New Gas Protection Quality Scheme introduced for Contaminated Land

Contaminated Land: Applications in Real Environments (CL:AIRE) launched the Gas Protection Verification Accreditation Scheme (GPVS) on the 7th January.  The scheme seeks to raise standards in gas membrane inspection, verification and reporting and to ensure that the gas protection verification part of land contamination management meets the necessary technical and regulatory standards.

Who is CL:AIRE?

CL:AIRE is a respected independent not-for-profit organisation established in 1999 to stimulate the regeneration of contaminated land in the UK by raising awareness of, and confidence in, practical and sustainable remediation technologies.

They work with industry, through its membership to identify, common problems in the field of sustainable land management. They also provide technical secretariat services for a number of industry wide programmes such as the National Brownfield Forum and the National Quality Mark Scheme (NQMS).

Their Definition of Waste Code of Practice provides a clear, consistent and efficient process which enables the reuse of excavated materials on-site or their movement between sites and supports the sustainable and cost-effective development of land.

Why is the Scheme being introduced?

Past economic activities have left the UK with a substantial legacy of land from past industrial, mining and waste disposal activities, which could be as much as 50,000 and 100,000 potentially contaminated sites, affecting over 300,000 hectares of land. Not addressed, this contamination can pose unacceptable risks to both people and the environment.

Although standards in the contaminated land sector have improved greatly over the last two decades, there remained work to be done to ensure a more consistent quality of gas protection design, installation and verification. Installers and verifiers have now come together to develop the Scheme to improve verification and increase the knowledge of staff involved in this industry.

By ‘getting it right first time’ time consuming repairs can be avoided and help demonstrate to a suitably qualified person (SQP) under the NQMS for land contamination management that the gas protection verification work has been undertaken by competent personnel.

How will the Scheme raise standards?

The GPVS is designed to provide all stakeholders involved in land contamination management with enough confidence that risks associated with ground gases have been adequately managed.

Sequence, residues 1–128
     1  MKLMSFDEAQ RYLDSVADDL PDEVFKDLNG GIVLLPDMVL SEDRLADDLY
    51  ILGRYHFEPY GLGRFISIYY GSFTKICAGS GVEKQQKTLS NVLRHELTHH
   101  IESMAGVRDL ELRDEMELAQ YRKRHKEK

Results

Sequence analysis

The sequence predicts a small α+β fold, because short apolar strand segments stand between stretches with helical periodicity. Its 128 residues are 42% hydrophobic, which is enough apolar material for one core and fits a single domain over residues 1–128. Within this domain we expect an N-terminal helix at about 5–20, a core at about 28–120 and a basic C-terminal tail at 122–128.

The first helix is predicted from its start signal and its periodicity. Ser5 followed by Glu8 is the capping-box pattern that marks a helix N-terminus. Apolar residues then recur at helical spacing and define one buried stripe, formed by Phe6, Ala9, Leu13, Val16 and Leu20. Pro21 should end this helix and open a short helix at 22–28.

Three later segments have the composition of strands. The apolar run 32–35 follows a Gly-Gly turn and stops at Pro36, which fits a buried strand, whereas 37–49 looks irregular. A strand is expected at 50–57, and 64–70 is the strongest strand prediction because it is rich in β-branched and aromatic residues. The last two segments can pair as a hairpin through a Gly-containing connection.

There are two separate accreditation routes available to demonstrate competence: ‘Specialist in Gas Protection Verification’ (SGPV) and ‘Technician in Gas Protection Verification’ (TGPV). This ensures that the gas verification part of land contamination management meets the necessary technical and regulatory standards.

The specific aims of the Scheme are:

a) Increase the knowledge of gas mitigation verification across the industry

b) Provide a list of competent individuals to design the gas protection measures, prepare method statements, undertake the inspection of gas protection measures and prepare the verification reports

c) Complement the NQMS by providing a process by which competency in gas protection verification can be demonstrated.

From 7th January, reports prepared under the scheme can bear a Declaration of Document Adequacy, to show that the work has been prepared in line with industry standards and signed off by an SGPV.

register of all SGPVs and the documents they have prepared under the scheme is available for cross-checking. The SGPV accreditation is also recognised under the Construction Skills Certification Scheme.


FCI fully supports the rollout of the scheme as an important safeguard and elevation of land contamination management and gas verification standards across the UK.

Landfill gas is a major hazard for existing properties in the vicinity of an old waste site, especially when combined with former mining activity, such as the famous Loscoe tragedy we included in a recent blog. It also presents challenges for redevelopment sites adjacent or on contaminated land if the remediation, such as a membrane, is not to a sufficient standard.

Our recent blog of the new-build development in Bradford showed how poor remediation and planning controls between contractors, developers and the Local Authority, led to many of the properties receiving zero valuations, rendering them worthless and pushing residents into limbo with potential lengthy litigation.

We welcome the new verification standards and working with practitioners to understand site specific issues. A commercial or redevelopment site environmental report or walkover by our consultancy team could highlight the potential for landfill gas emissions and this could indicate a requirement for management or remediation.

If future gas protection measures have been designed and verified by a Suitably Qualified Person under the CL:AIRE GPVS, their report could assist in revising our professional opinion and keeping the land transaction moving.

More Information

Details of the scheme

CL:AIRE is running a free webinar providing further information on the scheme is available on 21st  January 2021 @ 12.30pm. Book your place by registering at the following the link:

See more details on FCI’s consultancy approach to commercial sites with our fixed fee appraisals and site walkovers

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